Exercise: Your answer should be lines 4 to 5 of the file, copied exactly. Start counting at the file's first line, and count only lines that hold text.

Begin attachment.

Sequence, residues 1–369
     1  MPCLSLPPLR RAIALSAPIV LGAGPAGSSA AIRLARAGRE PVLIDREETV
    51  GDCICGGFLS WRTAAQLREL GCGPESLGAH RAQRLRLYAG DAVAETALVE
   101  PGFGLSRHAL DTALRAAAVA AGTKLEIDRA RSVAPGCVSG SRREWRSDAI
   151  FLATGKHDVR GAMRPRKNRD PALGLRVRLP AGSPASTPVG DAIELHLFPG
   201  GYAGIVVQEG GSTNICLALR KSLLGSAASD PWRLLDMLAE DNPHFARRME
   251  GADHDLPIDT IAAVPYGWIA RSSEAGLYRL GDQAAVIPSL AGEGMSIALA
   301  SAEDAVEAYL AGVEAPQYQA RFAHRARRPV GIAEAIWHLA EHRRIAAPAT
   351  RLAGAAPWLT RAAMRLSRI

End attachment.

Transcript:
   101  PGFGLSRHAL DTALRAAAVA AGTKLEIDRA RSVAPGCVSG SRREWRSDAI
   151  FLATGKHDVR GAMRPRKNRD PALGLRVRLP AGSPASTPVG DAIELHLFPG